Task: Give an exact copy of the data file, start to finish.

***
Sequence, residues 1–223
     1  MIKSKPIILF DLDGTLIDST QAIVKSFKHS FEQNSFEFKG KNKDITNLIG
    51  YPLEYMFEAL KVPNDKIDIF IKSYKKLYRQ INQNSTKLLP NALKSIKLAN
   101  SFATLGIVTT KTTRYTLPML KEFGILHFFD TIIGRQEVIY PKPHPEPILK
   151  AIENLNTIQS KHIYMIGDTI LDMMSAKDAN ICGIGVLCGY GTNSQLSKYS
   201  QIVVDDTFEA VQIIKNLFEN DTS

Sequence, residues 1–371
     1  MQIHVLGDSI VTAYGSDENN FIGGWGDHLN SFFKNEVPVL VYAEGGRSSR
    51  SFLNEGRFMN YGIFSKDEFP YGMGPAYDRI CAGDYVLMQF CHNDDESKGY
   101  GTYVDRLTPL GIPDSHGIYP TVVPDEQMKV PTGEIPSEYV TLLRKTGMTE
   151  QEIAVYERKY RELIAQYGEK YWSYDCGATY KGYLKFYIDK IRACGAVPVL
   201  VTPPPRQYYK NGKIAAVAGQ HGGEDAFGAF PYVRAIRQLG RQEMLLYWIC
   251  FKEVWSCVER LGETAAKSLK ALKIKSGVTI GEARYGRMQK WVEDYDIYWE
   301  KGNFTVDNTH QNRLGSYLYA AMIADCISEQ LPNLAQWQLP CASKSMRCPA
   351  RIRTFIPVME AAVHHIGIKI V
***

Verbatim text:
Sequence, residues 1–223
     1  MIKSKPIILF DLDGTLIDST QAIVKSFKHS FEQNSFEFKG KNKDITNLIG
    51  YPLEYMFEAL KVPNDKIDIF IKSYKKLYRQ INQNSTKLLP NALKSIKLAN
   101  SFATLGIVTT KTTRYTLPML KEFGILHFFD TIIGRQEVIY PKPHPEPILK
   151  AIENLNTIQS KHIYMIGDTI LDMMSAKDAN ICGIGVLCGY GTNSQLSKYS
   201  QIVVDDTFEA VQIIKNLFEN DTS

Sequence, residues 1–371
     1  MQIHVLGDSI VTAYGSDENN FIGGWGDHLN SFFKNEVPVL VYAEGGRSSR
    51  SFLNEGRFMN YGIFSKDEFP YGMGPAYDRI CAGDYVLMQF CHNDDESKGY
   101  GTYVDRLTPL GIPDSHGIYP TVVPDEQMKV PTGEIPSEYV TLLRKTGMTE
   151  QEIAVYERKY RELIAQYGEK YWSYDCGATY KGYLKFYIDK IRACGAVPVL
   201  VTPPPRQYYK NGKIAAVAGQ HGGEDAFGAF PYVRAIRQLG RQEMLLYWIC
   251  FKEVWSCVER LGETAAKSLK ALKIKSGVTI GEARYGRMQK WVEDYDIYWE
   301  KGNFTVDNTH QNRLGSYLYA AMIADCISEQ LPNLAQWQLP CASKSMRCPA
   351  RIRTFIPVME AAVHHIGIKI V